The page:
Last year, Google made a big thing of announcing that it would no longer scan people’s Gmail emails for keywords that could be used to target ads at them. However, in early July a Wall Street Journal report showed that Google was still letting third-party services access people’s Gmail accounts.
That report won the attention of U.S. lawmakers, who asked Google to explain what it was up to. The company did so in a letter that was made public Thursday. And what’s interesting is that Google admitted not only giving third-party developers access to Gmail accounts, but also allowing them to share what they find with other third parties.
“Developers may share data with third parties so long as they are transparent with the users about how they are using the data,” Google’s head of U.S. public policy, Susan Molinari, wrote in the letter, according to the Journal.
As Google (googl) explained in a blog post following the initial story, the kinds of third-party services that it allows to plug into Gmail include email clients, trip planners and customer relationship management systems.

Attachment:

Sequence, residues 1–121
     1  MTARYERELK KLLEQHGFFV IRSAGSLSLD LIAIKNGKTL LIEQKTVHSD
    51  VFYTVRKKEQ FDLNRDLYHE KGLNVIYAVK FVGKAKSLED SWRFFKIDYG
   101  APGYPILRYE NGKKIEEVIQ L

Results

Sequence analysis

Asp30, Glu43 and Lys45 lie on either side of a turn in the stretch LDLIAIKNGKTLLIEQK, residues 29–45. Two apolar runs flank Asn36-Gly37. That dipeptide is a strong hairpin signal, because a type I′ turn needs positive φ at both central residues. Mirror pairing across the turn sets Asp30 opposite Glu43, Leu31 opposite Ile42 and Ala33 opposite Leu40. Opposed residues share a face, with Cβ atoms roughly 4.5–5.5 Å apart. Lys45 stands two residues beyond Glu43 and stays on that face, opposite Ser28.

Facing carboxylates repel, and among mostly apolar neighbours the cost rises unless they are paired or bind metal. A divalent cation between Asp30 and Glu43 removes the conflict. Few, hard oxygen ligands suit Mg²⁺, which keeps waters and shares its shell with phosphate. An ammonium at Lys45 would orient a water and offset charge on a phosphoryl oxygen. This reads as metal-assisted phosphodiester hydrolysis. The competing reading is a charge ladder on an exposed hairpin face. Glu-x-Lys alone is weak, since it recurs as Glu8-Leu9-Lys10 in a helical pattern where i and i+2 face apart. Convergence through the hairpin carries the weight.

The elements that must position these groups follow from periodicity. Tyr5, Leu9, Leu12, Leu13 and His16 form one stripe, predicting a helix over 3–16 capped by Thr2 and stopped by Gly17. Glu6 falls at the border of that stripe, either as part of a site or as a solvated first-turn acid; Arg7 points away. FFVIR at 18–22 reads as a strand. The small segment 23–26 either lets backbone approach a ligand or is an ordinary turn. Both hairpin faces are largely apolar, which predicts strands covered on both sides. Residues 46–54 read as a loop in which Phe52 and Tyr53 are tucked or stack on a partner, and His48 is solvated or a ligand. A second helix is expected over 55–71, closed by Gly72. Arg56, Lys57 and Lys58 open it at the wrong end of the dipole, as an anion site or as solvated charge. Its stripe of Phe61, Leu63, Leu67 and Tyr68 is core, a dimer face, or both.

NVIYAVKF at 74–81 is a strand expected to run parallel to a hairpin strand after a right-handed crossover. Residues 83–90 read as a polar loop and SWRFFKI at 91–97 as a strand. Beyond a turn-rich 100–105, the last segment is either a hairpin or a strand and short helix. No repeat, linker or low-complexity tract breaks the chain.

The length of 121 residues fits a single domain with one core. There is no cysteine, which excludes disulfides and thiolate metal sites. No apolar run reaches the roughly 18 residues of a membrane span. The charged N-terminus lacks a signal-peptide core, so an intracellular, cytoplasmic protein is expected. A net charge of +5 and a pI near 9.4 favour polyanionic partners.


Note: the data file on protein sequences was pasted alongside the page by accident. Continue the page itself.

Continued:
These services, which Google claims to thoroughly vet, typically read emails in an automated way, although humans do sometimes read them too. Users need to actively permit the apps to access their Gmail accounts, and they can revoke permission afterwards.
However, Google’s blog post did not talk about the possibility of those third-party services sharing users’ data with other third parties.
Google had better hope that all the apps with such privileges are indeed properly informing users about passing data on to other third parties. In the European Union, the General Data Protection Regulation (GDPR) requires full disclosure on this front.